Tuesday, October 16, 2012

At the close, a ritual slaughter

Lord-a-mercy, Obama just killed Romney on the 47%. Was it genius, or luck that he saved it for the end, when there was no time for rebuttal?

The structure of that answer will be studied and go down in debate lore [update: text below]. The voter's question: what misconception does the public have about you that you would like to correct? (Good question, by the way.) Romney's answer: I care about 100% of the people. True in its way. Obama's...what's lovely is that a direct answer to the question was the perfect segue to the contrast. The misconception about me, he said,  is that I want government to do it all -- and he was eloquent in affirming his belief in private enterprise and in government as midwife, hand up.  Then, the pivot: Romney is a good man. But. In that private room, he said what he said...and Obama ticked off beautifully the groups who don't pay income taxes: seniors, students, soldiers.

Unlike in the last debate, that denouement cemented a theme he had hit all night: that Romney believes that helping the richest helps the economy.  I was thinking that that core point had been made but was a bit effaced, until that closer.
In this debate, roles were reversed: Obama was the one ticking off 4-point plans and looking forward.  Nothing new, but he made plans for the long term also serve as plans for the present.  On the first question -- a student asking what each would do to ensure that he'd be able to support himself upon graduating -- it was Obama who ticked off a four-point plan while Romney merely asserted repeatedly that he'd create jobs without explaining how.  This time, too, Obama got him on the fact that his tax plan didn't add up -- though in truth, he did that just fine in the first debate as well.  Romney bulled through in rebuttal, asserting that he would do what he said he'd do - -but he didn't say how, and Crowley effectively teamed with Obama to highlight that. And he contrasted his "balanced" deficit reduction plan effectively with Romney's budget-busting tax cuts and defense hikes.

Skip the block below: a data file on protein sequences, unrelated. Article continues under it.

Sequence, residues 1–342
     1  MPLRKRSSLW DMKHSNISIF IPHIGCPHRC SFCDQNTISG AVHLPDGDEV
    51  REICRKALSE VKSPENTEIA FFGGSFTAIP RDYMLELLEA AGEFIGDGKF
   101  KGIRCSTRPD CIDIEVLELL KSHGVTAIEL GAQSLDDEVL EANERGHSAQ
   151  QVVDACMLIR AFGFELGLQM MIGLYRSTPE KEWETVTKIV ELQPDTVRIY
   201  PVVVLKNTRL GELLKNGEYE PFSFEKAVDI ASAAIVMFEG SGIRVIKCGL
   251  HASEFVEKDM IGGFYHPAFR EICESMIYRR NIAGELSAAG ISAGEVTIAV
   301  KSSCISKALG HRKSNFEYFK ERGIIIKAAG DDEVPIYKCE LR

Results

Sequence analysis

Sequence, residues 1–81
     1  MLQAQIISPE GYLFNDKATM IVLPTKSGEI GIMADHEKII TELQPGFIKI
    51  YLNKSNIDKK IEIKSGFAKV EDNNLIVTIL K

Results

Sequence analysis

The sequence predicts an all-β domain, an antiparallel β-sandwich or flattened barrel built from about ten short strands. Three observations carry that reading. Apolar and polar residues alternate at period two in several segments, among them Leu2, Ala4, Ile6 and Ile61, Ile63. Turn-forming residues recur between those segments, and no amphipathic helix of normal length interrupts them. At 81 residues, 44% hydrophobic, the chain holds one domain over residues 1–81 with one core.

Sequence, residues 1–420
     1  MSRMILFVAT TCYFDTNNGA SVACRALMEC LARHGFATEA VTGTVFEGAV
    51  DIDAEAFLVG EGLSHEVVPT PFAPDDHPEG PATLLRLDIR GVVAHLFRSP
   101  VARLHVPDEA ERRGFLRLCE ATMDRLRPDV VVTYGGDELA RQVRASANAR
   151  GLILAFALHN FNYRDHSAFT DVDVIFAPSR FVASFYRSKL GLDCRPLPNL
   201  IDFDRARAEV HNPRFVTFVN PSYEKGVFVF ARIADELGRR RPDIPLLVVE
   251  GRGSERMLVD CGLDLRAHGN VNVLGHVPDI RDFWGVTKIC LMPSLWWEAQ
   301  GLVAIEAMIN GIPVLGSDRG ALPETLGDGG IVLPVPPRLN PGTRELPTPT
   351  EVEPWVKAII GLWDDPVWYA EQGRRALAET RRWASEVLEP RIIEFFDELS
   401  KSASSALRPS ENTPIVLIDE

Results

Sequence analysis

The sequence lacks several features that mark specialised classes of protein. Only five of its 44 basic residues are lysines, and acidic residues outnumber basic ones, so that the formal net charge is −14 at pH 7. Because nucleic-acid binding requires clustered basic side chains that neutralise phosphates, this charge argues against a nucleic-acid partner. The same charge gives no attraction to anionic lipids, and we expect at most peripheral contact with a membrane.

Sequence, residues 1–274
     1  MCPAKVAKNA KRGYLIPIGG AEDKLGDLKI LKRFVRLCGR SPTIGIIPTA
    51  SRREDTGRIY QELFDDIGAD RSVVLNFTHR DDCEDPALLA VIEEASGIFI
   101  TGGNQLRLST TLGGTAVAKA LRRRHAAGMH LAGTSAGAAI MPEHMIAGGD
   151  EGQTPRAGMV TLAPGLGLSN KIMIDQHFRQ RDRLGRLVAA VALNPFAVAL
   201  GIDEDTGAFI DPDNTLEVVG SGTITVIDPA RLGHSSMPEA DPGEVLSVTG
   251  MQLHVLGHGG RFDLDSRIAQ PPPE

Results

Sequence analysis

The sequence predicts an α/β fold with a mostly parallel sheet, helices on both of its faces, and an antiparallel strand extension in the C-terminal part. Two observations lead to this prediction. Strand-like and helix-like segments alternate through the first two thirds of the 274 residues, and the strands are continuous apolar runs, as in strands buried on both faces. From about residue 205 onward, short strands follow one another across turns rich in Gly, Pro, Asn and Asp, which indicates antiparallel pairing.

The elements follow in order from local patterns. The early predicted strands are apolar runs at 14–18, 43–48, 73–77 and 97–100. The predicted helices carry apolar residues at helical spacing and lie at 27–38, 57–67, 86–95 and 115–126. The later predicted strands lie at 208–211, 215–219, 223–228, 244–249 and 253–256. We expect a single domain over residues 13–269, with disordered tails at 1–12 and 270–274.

Obama also managed to make concrete the claim that his trade policies had boosted manufacturing: by signing the right kind of free trade deals, boosting energy production -- and winning trade cases brought against China and other countries before the WTO. He effectively countered the weak-on-China charge by boasting that his administration had brought many more such cases than predecessors had -- and that China's currency had appreciated 11%. Not much, maybe, but it went unanswered